How Pakistan gave Imran Khan and his PTI a chance

27 July 2018, 12:27 AM
Amid dismal Pakistan political scenario, electorate may just give Imran Khan a chance
Amid dismal Pakistan political scenario, electorate may just give Imran Khan a chance

It was 1997. The Pakistan Peoples Party (PPP) government had been dismissed two years before its term ended by President Leghari on charges of corruption and mismanagement of the economy. Fresh elections were called.

Pakistan Muslim League (PML) leader Nawaz Sharif was making waves. He was expected to win the polls hands down. Sharif made it a point to tell all Indian journalists who had arrived to cover the elections that he was keen to improve ties with Delhi.

Lahore’s business leaders milling around Raiwind, Sharif’s home, spoke of a future when Indian and Pakistan business could trade without going through a circuitous third country route. The PPP government was derided for its corruption and expected to be thrown out of office, mainly for the misdeeds of Asif Zardari, Benazir’s husband who was nicknamed Mr 10 per cent.

This was also the year when Imran Khan made his political debut. He had formed his Pakistan Tehreek-e-Insaf (PTI) a year earlier in 1996, to offer citizens a third choice. He was critical of both the two main national parties, the PPP and PML, and promised to give people a new clean party, with emphasis on governance and not loot. He had made a mark through his social work. He was working towards making world class cancer treatment available to everyone in Pakistan. The Shaukat Khanum Memorial Cancer Hospital and Research Centre were not yet built but work was in progress.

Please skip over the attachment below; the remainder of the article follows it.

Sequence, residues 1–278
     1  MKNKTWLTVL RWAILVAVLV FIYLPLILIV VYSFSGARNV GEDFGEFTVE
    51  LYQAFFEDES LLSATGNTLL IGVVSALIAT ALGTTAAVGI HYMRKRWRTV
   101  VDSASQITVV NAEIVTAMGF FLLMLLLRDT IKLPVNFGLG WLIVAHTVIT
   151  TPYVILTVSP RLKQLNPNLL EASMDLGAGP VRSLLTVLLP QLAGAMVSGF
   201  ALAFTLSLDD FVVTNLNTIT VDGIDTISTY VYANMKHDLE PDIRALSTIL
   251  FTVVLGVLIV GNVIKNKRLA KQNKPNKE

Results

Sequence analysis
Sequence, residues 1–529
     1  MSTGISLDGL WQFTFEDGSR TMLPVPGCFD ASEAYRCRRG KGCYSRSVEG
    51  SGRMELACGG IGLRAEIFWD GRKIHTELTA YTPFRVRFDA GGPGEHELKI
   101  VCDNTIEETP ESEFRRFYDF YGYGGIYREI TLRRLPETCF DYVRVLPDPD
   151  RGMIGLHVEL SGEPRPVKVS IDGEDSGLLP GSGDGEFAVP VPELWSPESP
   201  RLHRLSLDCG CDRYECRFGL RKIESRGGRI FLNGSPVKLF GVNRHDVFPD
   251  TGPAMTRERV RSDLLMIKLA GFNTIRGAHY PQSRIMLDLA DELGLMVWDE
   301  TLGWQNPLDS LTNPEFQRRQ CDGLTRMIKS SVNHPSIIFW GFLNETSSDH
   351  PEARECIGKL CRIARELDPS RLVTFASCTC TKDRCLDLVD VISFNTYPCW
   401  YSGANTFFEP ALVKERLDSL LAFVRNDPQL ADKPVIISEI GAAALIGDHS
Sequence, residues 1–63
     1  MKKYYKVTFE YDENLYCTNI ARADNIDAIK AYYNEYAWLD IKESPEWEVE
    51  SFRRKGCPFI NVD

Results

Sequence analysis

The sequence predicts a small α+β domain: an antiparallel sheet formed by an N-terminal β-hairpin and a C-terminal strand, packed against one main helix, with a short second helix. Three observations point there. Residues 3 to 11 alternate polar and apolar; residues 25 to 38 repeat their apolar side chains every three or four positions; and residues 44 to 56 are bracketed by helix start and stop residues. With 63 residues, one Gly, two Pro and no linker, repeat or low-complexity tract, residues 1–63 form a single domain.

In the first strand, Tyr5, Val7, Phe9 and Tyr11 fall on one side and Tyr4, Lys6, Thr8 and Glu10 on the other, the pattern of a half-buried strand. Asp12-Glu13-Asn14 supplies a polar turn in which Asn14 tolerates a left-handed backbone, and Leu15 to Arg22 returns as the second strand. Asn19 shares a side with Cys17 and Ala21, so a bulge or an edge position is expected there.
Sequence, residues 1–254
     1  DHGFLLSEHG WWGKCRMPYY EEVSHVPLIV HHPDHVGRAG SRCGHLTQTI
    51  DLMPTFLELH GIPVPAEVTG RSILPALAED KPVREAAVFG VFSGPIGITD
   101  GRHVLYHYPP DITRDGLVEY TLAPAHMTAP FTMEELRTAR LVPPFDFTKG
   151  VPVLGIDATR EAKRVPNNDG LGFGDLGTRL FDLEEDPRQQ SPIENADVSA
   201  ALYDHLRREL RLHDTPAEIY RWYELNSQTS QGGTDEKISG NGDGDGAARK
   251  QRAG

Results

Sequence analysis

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Imran Khan’s mother had died of cancer and he wanted to honour his mother’s memory by making cancer care available to the poor. Everybody lauded him for his philantrophy, but Pakistanis did not take Imran Khan’s PTI seriously.

Most people, while appreciating his cricketing achievements and his social work, dismissed his political ambitions. Nobody believed he would stay the course. His party was made up of just Imran and some young people, who admired him not just for his cricket, but his drop-dead good looks and celebrity status.